A report by Greener Journeys says a 10% improvement in bus services would lead to almost 10,000 more people in work in the poorest neighbourhoods in England. The sustainable transport group’s study found enhancing local bus networks boosts employment and improves income, which it says helps reduce social deprivation. Conducted by KPMG and the Institute for Transport Studies at the University of Leeds, the research has been described as ‘ground breaking’, in that it investigates and quantifies for the first time the impact of bus services on tackling social deprivation. Entitled the ‘Value of the Bus to Society’, it found that a 10% improvement in local bus services is linked to a 3.6% reduction in social deprivation across England, taking into account employment, income, life expectancy and skills.
It concluded that a 10% improvement in local bus services in the 10% most deprived neighbourhoods across England would result in: 9,909 more jobs, the result of a 2.7% fall in employment deprivation; 22,647 people with increased income, the result of a 2.8% drop in income deprivation; 2,596 fewer years of life lost; 7,313 more people with adult skills; and 0.7% increase in post-16 education.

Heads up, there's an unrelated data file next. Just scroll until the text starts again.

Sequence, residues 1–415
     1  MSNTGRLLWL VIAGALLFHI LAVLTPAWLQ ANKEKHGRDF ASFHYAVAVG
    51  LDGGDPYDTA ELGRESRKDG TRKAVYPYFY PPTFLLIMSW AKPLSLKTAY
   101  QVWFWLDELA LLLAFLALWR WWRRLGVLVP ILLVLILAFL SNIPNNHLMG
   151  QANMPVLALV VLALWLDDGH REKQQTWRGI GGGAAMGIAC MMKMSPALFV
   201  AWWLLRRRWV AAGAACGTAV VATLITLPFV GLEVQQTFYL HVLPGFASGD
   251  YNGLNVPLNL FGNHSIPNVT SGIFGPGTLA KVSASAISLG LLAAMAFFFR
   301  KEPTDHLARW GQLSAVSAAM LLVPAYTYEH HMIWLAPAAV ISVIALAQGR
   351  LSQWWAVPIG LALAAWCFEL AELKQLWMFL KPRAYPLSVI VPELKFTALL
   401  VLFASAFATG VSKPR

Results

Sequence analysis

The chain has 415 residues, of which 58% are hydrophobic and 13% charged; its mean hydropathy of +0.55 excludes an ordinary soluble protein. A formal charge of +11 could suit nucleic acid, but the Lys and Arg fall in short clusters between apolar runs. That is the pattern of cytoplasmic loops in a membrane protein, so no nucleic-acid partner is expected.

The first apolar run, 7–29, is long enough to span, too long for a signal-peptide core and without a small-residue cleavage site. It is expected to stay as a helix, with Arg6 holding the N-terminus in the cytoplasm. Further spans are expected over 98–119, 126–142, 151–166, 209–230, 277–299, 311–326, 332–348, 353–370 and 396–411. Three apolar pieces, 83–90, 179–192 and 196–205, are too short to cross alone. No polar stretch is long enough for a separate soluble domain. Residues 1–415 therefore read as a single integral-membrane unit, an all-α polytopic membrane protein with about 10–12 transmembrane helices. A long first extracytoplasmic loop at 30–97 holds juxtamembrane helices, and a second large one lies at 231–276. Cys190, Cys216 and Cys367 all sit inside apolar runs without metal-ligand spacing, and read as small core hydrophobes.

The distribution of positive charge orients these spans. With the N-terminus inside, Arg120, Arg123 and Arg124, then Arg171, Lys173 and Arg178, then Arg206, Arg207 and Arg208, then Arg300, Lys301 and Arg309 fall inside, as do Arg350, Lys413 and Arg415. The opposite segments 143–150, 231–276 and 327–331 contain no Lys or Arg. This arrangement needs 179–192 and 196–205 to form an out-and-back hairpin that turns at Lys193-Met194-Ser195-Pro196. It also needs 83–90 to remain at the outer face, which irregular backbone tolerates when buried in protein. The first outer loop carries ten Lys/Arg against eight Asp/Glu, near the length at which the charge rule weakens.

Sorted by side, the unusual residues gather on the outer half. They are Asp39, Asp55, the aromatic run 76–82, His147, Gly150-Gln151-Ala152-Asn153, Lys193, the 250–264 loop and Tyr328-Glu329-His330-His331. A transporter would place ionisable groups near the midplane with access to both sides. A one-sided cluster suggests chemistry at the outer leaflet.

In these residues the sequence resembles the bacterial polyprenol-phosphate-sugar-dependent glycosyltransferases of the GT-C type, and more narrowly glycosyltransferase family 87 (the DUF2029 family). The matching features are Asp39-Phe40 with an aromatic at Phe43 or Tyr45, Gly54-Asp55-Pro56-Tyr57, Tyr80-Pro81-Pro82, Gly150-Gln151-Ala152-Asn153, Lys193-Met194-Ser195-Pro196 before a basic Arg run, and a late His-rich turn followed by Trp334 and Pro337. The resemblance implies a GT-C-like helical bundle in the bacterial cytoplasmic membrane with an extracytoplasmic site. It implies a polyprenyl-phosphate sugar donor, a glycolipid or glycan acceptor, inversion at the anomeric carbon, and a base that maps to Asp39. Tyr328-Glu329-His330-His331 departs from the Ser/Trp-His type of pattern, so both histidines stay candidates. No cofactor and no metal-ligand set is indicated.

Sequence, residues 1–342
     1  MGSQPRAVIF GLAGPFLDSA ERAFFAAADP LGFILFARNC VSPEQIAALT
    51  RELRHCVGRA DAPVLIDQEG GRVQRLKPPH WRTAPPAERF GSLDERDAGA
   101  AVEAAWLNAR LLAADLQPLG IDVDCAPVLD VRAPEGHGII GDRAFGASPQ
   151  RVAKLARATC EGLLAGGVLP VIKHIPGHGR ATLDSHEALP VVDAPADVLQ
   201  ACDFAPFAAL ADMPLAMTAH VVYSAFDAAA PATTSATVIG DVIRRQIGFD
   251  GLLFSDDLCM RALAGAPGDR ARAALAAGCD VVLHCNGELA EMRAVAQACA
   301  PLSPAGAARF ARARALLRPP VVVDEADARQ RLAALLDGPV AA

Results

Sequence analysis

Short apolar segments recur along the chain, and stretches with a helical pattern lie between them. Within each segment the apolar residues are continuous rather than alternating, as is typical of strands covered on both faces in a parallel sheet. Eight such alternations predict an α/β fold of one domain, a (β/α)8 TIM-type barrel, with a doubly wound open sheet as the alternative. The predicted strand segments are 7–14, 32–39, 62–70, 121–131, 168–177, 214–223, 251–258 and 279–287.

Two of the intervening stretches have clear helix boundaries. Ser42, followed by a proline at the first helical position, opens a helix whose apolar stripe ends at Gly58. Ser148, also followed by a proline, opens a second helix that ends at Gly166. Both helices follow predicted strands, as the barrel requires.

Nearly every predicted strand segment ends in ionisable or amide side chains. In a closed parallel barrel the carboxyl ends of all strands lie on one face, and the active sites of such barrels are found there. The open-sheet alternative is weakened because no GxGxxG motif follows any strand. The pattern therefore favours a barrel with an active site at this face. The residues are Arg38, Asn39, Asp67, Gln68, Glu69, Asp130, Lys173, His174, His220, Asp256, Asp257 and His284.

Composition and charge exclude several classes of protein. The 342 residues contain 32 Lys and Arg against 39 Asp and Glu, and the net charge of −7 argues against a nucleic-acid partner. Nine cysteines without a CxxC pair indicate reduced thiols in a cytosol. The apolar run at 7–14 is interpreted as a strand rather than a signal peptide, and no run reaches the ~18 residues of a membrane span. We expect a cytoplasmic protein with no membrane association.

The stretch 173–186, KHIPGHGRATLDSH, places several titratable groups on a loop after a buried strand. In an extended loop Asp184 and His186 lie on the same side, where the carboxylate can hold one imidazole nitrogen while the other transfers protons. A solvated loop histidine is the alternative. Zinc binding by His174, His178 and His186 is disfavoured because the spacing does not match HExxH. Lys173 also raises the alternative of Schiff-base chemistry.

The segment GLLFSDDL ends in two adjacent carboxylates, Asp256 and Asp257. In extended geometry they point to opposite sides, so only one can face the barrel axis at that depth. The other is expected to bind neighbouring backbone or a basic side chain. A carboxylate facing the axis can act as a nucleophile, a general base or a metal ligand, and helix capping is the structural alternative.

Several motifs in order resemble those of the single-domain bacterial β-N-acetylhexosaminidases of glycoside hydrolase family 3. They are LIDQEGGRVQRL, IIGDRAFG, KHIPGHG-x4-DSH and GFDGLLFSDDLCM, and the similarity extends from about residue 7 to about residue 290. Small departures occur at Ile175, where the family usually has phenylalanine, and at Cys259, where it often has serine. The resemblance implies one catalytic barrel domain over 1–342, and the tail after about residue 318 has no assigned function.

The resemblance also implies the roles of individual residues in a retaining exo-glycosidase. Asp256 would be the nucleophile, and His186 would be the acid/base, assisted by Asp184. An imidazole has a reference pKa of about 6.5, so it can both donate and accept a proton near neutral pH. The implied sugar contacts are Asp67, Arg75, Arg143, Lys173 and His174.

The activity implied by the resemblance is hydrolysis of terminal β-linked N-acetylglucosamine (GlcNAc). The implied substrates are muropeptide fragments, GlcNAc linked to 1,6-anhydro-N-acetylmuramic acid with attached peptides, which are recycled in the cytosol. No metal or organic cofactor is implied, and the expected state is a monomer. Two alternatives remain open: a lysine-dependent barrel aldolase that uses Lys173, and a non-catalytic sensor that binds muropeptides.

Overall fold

It builds on existing research by Greener Journeys that shows buses bring huge economic benefits to the UK. Some 3.5m people in the UK travel to work by bus, and these commuters generate over £64bn worth of goods and services per year. Furthermore, it claims proper investment in local bus infrastructure delivers vast rewards, with every £1 spent on local bus priority measures delivering up to £7 in economic benefit. Among its recommendations, Greener Journeys is calling on policy makers to prioritise investment in buses and local bus infrastructure. It is also asking decision makers to consider the wider social benefits of projects when appraising transport schemes and investment cases.
Statistics from the report can be found here: https://www.gov.uk/government/uploads/system/uploads/attachment_data/file/561060/annual-bus-statistics-year-ending-march-2016.pdf